right with God

My assignment this month for Our Daily Journey was to write a devotional from Ephesians, and it occurred to me that this might be a good time to mention the controversy around justification. I don’t know if anyone has ever written a devotional on the New Perspective on Paul (one of the Sprouls might have), but here’s my attempt. I wish I could have more explicitly stated that the NPP is wrong in what it denies about the traditional view, but I didn’t want to make it even more confusing for the uninitiated readers. I think it’s implicitly there, just not as strong as I would like.

read > Ephesians 2:1-22

God saved you by his grace when you believed. And you can’t take credit for this; it is a gift from God (v. 8).

In case you haven’t heard, theologians are debating what the Apostle Paul meant when he said that “we are made right with God through faith and not by obeying the law” (Romans 3:28). Traditional Protestants follow Martin Luther’s insight that sinners like us can’t do enough good works to satisfy a holy God. We will never become right with God by the works of the law but only by putting our faith in Jesus. When we trust Jesus, God our Father performs what Luther called the “joyous exchange,” placing the guilt of our sin upon Jesus and counting his righteousness for us.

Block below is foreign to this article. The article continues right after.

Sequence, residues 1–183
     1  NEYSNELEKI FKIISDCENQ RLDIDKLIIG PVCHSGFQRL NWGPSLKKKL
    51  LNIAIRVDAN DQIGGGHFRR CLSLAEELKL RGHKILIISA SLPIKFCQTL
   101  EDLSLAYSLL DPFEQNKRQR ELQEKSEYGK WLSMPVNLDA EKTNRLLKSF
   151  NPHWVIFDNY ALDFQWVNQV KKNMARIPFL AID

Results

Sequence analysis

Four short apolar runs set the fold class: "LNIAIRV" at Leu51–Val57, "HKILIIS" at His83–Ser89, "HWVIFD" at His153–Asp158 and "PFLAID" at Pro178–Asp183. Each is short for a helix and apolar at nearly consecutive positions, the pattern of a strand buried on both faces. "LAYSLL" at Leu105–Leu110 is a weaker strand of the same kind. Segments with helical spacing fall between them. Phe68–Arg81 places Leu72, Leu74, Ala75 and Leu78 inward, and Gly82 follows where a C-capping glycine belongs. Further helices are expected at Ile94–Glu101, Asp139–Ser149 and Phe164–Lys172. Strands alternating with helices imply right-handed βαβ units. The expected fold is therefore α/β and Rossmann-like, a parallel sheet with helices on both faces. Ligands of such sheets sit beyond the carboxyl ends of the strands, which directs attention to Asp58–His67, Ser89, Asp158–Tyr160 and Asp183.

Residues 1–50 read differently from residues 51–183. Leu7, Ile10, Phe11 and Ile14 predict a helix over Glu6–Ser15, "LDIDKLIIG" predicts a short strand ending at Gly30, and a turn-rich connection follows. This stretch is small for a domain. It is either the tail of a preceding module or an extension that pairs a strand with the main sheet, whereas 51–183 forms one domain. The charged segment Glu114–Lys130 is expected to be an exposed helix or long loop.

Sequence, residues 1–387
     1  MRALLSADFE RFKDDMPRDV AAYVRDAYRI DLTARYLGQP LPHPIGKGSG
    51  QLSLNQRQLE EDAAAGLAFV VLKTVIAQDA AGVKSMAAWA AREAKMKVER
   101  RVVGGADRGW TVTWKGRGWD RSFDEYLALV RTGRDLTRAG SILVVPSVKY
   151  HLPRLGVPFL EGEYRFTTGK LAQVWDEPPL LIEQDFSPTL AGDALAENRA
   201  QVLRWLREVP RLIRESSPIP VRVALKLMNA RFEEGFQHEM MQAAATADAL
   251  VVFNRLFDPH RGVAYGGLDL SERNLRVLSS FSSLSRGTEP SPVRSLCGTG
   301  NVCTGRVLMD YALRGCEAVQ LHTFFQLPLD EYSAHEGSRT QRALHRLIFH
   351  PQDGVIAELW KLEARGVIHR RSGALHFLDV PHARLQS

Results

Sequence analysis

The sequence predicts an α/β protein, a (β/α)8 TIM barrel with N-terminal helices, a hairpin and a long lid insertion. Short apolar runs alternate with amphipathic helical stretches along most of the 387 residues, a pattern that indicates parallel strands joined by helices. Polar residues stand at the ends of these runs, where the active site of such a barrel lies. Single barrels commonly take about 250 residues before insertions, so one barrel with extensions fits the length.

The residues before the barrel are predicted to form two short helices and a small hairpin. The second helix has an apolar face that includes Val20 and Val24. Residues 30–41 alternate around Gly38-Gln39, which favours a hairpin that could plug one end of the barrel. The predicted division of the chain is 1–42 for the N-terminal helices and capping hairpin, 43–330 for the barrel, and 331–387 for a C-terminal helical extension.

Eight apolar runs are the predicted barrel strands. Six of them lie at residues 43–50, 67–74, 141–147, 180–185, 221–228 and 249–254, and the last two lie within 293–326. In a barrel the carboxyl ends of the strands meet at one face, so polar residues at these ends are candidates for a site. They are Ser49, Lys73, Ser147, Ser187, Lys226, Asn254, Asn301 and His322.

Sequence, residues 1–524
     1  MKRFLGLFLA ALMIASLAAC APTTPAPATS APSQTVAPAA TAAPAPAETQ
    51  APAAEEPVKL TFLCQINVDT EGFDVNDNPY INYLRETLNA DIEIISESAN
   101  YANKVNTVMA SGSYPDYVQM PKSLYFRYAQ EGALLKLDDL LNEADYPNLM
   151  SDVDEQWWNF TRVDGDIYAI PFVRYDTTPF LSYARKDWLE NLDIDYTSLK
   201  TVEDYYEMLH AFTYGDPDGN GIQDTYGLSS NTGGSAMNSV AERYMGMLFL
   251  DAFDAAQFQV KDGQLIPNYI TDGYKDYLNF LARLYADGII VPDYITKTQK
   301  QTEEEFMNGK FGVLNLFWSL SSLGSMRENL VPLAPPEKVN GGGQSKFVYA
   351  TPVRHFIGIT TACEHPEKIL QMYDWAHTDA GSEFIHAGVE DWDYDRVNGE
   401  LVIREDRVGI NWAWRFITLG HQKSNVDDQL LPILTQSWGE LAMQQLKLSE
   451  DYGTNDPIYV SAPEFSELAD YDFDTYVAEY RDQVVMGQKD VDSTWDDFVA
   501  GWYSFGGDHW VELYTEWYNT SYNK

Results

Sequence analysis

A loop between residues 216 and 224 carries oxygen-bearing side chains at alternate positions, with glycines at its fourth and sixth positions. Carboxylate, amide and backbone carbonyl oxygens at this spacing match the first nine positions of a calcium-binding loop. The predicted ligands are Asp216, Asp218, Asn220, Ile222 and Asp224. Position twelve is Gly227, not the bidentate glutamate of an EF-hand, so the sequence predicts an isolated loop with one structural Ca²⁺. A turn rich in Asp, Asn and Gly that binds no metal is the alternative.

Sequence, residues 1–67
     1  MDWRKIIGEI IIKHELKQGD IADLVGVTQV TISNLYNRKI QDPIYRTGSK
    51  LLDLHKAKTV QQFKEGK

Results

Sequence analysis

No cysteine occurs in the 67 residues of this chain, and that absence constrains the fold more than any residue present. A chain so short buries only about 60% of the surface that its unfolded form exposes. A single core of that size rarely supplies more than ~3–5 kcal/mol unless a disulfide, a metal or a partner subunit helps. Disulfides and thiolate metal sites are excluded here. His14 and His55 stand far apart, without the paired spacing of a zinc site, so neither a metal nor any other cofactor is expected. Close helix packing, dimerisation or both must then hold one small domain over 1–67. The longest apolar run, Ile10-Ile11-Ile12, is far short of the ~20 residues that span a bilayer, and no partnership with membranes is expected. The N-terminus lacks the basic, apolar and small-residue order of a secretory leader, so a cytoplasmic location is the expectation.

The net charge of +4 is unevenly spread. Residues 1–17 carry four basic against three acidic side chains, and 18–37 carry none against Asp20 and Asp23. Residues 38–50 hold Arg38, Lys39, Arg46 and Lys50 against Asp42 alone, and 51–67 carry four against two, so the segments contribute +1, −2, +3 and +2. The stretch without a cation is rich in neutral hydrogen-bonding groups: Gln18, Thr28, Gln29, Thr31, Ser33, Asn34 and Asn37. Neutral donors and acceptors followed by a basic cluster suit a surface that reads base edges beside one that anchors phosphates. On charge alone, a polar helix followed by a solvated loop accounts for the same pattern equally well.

Scholars who identify with the New Perspective on Paul are challenging this longstanding and much loved view. They say that Luther projected his monastic struggles upon Paul and that if we take Paul straight we’ll discover he was making a very different point. Paul used the term “justification” (the technical term for being “right with God”) not to describe how an individual gets saved but for how Jews and Gentiles could live rightly with each other. “Justification” isn’t about personal salvation but about ethnic reconciliation.

As with many things in life, the right answer to this debate is not either/or but both/and. Just look at Ephesians chapter 2. In the first half Paul celebrates the precious gospel of personal salvation. We “were dead because of our sins,” but God “raised us from the dead along with Christ and seated us with him in the heavenly realms” (v. 5-6). The second half explains that the God who saved us individually has not left us to ourselves, but He has “made peace between Jews and Gentiles by creating in himself one new people from the two groups” (v. 15).

Paul did not separate personal salvation from corporate unity but brought them together. The same righteousness that forgives our sin unites us with others who are so covered. What a Savior!

more > Read Ephesians 2 carefully to learn what the cross means to us individually and corporately.

next > Do you tend to focus more on the gospel’s teaching of personal salvation or ethnic reconciliation? Is one more important than the other? How do you think they are connected?






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